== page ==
Padres fans up in arms over Ken Rosenthal's critique of Fernando Tatis Jr.

Uh oh! Ken Rosenthal should have rethought this one.
San Diego Padres outfielder Fernando Tatis Jr.
San Diego Padres outfielder Fernando Tatis Jr. / Ezra Shaw/GettyImages

Ken Rosenthal had a controversial take in his latest piece for The Athletic (subscription required). Rosenthal attempted point out the risks that come with signing young baseball players to massive, long-term deals.

Rosenthal chose Wander Franco's current situation as the prime example. At age 20, Franco signed an 11-year, $182-million contract with the Tampa Bay Rays. Earlier this year, Franco was accused of having an inappropriate sexual relationship with a minor and was placed on administrative leave by Major League Baseball.

But Rosenthal took his critique of young players signing mega-deals much too far when he looped San Diego Padres outfielder Fernando Tatis Jr. into the same story as Franco. Rosenthal pointed to Tatis' motorcycle accidents and 80-game suspension for PEDs as reasons that such large contracts handed out to young players are a mistake.

Padres fans up in arms over Ken Rosenthal’s latest piece criticizing Fernando Tatis Jr.

Obviously, linking Tatis' poor lapses in judgment with the accusations levied against Franco is comparing apple to oranges, and the Padres fanbase did not take too kindly to what appeared to be a side-by-side from Rosenthal.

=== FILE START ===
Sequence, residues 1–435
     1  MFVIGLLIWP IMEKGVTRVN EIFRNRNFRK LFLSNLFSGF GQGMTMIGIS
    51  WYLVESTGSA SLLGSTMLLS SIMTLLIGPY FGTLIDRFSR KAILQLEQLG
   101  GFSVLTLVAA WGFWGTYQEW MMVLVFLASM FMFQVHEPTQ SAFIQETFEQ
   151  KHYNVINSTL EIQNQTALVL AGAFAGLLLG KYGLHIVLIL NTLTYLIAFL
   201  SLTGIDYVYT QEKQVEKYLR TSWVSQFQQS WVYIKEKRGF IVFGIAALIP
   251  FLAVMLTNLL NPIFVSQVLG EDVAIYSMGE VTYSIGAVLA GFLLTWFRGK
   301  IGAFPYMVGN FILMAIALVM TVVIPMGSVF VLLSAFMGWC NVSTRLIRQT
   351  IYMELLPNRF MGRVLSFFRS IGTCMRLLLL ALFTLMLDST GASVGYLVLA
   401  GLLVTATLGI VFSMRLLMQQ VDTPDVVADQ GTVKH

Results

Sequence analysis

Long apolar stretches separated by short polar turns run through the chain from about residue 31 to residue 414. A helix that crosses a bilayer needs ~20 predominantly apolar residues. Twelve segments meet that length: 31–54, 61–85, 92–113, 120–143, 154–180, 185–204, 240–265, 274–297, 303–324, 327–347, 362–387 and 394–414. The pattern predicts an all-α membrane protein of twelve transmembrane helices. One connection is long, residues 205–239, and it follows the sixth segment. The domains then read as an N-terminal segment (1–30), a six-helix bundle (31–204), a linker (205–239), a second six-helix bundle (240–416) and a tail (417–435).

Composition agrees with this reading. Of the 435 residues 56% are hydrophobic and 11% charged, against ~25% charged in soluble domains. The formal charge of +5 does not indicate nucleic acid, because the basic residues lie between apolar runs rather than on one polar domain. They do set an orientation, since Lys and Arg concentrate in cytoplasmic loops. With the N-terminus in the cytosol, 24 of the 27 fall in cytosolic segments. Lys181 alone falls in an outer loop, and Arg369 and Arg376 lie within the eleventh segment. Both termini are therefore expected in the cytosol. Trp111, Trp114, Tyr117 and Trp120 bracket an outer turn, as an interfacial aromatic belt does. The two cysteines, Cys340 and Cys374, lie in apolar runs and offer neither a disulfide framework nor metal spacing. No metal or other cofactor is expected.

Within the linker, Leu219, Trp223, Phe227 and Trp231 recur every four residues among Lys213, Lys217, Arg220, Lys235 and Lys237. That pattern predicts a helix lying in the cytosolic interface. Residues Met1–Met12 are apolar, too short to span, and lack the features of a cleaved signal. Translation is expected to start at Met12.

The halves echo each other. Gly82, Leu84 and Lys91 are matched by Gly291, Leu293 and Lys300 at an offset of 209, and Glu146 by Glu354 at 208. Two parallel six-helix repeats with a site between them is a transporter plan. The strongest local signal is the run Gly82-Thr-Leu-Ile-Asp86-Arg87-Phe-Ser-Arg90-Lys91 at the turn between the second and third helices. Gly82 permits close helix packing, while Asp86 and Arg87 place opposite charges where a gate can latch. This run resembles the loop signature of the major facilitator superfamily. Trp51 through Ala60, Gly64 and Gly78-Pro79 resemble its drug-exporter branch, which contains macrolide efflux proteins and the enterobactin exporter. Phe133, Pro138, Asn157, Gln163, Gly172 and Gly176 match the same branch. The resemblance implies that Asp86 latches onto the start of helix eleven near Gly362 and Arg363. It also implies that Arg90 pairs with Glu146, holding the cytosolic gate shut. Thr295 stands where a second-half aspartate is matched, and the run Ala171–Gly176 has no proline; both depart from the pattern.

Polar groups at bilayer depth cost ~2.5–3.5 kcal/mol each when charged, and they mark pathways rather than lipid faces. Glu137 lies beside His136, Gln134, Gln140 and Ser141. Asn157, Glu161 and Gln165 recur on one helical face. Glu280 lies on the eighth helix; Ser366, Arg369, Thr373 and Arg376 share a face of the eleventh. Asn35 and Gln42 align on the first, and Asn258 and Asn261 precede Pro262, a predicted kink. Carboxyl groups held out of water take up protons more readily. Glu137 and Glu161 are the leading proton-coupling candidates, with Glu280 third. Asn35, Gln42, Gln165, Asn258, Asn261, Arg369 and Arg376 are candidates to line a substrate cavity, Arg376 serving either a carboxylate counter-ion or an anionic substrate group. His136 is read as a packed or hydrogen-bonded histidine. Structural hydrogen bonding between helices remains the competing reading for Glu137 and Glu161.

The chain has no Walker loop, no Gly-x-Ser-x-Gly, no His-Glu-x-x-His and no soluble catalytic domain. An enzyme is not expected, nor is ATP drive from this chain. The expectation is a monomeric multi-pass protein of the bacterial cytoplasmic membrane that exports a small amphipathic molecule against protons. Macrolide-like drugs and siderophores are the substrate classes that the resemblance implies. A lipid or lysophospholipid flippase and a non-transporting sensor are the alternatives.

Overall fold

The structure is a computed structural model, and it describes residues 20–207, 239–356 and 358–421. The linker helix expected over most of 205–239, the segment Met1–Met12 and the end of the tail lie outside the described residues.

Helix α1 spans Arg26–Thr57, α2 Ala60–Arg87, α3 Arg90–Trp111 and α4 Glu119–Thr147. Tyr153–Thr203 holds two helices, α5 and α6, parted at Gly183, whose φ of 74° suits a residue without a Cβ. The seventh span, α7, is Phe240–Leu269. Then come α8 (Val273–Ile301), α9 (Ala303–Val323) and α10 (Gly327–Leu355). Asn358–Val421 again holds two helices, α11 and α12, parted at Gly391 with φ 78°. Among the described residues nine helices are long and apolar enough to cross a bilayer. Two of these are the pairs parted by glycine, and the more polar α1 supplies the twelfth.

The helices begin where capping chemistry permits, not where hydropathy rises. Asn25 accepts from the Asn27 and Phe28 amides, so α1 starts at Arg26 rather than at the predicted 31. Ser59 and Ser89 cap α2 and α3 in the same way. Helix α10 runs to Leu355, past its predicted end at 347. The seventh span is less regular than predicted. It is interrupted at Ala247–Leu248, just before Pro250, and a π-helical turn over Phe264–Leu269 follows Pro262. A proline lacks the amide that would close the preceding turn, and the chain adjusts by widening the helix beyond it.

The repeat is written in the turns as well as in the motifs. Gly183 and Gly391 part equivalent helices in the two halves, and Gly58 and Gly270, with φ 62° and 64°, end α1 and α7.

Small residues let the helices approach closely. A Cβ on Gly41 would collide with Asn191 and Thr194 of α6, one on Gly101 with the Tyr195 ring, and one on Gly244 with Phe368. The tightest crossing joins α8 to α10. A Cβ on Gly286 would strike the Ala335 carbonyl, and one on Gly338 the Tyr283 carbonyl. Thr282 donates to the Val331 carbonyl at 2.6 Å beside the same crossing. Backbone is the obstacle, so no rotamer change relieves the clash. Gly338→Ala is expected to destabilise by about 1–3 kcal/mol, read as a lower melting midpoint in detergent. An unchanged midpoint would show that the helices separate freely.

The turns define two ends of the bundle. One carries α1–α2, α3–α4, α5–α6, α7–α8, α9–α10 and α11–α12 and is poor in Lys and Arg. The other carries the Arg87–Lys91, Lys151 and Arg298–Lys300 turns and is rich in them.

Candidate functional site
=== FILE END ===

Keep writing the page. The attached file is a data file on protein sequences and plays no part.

Even Dodgers fans came to the defense of Tatis, which means something was really wrong with how Rosenthal presented his case.

Though Rosenthal admits Tatis' actions "were not nearly at the level of those Franco is accused of," he then went on to say that Franco could possibly get another chance in MLB? What?!

We're not saying it's impossible, but that's a very, very odd assessment to have immediately after you seemingly covered your tracks by acknowledging a difference in the magnitude of the alleged infractions.

This was a misstep by Rosenthal. Tatis has made his fair share of mistakes, and opposing fanbases, especially this past season, have taken shots at the Padres' right fielder because of them. Tatis was mercilessly heckled by the fans throughout Major League Baseball when the Friars went on the road last season.

But to lump in Tatis' immature acts with Franco's alleged exploits is inappropriate, even if you're stating what they did isn't comparable. Rosenthal, while trying to explain the risks involved when it comes to signing young players to long-term extensions, made a ill-suited comparison, and social media rightfully chastised him for it.

Tatis appears to have put his mistakes in the rearview mirror and will be the focal point of the Padres lineup once again in 2024. Franco? There's a good chance he never returns to MLB.